The interesting thing here is that, while you've got years of training, education, on-the-job experience related to butterfly valves, it's almost certain that you'll know nothing about the discipline of management. It's just as certain that the training you'll receive in this misunderstood art will be post-appointment if you're lucky, or simply a few hastily-read self-help manuals that you've grabbed at an airport bookshop on your way to a conference that has nothing to do with engineering.
With your new job comes more money and more status. But, Crawford says, this comes at a cost, which is your loss of utility to the world (he's a philosopher, so he says things like that.) In other words, you move away from the world of real work where you make things, and into the world of the ghost, where you talk about process, procedure and other more abstract concepts related to getting things off your desk. The irony is that you spend your new wealth on nice things: classic motorbikes, yachts, antique furniture. All stuff that another craftsman has made, which in some way you wish you'd made yourself.
According to Crawford, the result is that ghosts are taking over the industrial world, with the net effect that virtual work is becoming a self-fulfilling prophecy. Whereas once we employed people simply to do the virtual work that's generated by the fact that large organisations exist, we now employ subsidiary ghosts to take up the overspill virtual work generated by ghosts who can't cope with the workload. This means that real work - stuff you do with your hands - gets relegated to the point of obscurity, and corporations flourish by cyclically handing around virtual tasks to departments that can repackage them and hand them to the next stage in the cycle. Much in the same way that virtual cash gets passed around the money markets, if there's nothing real behind it, nasty things happen.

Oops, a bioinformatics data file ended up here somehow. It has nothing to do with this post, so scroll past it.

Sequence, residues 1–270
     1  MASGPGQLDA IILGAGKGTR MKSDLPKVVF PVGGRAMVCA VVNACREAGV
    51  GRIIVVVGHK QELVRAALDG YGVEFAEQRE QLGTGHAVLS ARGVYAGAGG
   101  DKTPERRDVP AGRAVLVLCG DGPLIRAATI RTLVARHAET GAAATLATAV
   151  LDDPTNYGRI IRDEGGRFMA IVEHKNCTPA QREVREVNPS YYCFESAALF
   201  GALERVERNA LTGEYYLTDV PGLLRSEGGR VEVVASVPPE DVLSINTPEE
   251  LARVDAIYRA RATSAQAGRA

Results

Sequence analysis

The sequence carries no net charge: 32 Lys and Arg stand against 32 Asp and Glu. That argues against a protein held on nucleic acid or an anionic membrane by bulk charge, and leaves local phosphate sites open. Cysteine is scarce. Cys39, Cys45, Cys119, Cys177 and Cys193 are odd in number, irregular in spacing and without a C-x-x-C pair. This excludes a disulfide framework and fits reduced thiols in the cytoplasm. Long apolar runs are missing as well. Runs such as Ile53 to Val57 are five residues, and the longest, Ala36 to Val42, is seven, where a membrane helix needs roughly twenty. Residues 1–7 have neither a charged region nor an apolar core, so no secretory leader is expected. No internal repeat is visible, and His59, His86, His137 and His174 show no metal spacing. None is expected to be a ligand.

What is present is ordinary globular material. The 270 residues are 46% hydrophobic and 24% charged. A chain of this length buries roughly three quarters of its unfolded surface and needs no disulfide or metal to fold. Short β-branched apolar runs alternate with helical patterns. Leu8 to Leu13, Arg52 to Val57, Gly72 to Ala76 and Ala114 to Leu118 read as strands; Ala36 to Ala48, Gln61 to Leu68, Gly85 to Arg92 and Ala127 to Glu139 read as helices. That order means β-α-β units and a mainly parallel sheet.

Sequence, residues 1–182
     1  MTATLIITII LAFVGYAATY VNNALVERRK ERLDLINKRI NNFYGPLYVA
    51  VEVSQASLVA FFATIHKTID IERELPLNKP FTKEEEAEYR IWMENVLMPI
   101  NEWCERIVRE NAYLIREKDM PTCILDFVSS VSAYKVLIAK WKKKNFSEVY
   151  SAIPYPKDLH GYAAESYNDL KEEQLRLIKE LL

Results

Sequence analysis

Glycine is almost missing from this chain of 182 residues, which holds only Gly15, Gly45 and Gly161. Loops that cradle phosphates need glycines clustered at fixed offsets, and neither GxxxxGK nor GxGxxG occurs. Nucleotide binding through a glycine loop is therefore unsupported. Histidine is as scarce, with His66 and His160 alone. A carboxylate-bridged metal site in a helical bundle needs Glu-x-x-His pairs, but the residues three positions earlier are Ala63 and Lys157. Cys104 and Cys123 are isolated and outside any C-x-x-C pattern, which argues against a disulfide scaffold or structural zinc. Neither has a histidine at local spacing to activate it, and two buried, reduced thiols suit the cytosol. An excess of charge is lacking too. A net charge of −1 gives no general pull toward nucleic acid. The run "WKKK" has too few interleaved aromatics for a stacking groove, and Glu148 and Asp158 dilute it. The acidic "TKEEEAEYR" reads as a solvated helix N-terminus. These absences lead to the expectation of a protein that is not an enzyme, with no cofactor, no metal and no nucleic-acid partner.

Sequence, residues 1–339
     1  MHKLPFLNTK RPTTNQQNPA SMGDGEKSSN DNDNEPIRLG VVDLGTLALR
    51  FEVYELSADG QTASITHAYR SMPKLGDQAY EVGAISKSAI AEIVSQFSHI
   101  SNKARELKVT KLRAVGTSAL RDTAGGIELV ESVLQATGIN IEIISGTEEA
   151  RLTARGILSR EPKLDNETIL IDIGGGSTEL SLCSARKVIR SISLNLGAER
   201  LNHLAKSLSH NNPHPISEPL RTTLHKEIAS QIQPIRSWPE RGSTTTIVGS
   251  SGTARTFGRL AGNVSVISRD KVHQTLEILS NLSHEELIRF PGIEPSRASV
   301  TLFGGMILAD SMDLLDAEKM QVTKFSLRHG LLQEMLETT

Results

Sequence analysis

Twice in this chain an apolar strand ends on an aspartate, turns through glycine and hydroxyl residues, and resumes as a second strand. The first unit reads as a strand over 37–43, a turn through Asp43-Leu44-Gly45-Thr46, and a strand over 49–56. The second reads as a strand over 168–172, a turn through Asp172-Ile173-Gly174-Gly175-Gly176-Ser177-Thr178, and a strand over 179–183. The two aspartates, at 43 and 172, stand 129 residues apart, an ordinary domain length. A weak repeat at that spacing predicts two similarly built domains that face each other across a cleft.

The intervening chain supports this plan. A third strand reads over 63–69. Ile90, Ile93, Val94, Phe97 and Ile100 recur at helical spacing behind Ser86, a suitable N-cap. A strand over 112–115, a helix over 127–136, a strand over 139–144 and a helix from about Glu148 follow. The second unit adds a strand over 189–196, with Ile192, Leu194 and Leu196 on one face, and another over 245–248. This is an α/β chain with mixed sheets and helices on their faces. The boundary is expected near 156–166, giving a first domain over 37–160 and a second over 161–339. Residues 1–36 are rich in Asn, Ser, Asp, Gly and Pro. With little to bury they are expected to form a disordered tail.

On a local level - how this affects the individual - the outcome is equally alarming. As Crawford says, we're simply not meant to live like this. He refers continually to the job satisfaction he attains from working with motorcycles: he loves the fact that he uses his hands in conjunction with layers of engineering lore; he loves the fact that he's serving a useful function in his community as a whole and he gratefully accepts the best table in his local restaurant as a favour from the restaurateur whose bike he's just fixed. Real engineering in the real world has a real value. As a result, so does he.
It's likely that this will all be a bit too esoteric for some readers, but it's worth bearing in mind that it is easy to be distracted from what the purpose of our jobs as engineering managers really is. In 'The Case for Working With Your Hands' Crawford has at the very least given a voice to our frustrations when confronted with mountains of paperwork and red tape. So, next time you throw your hands in the air in exasperation, wanting to shout 'what's the point?' remember that somewhere in America there's a motorcycle mechanic philosopher who's been through all this and knows some of the answers.
'The Case for Working With Your Hands' by Matthew Crawford is published by Viking Penguin, £16.99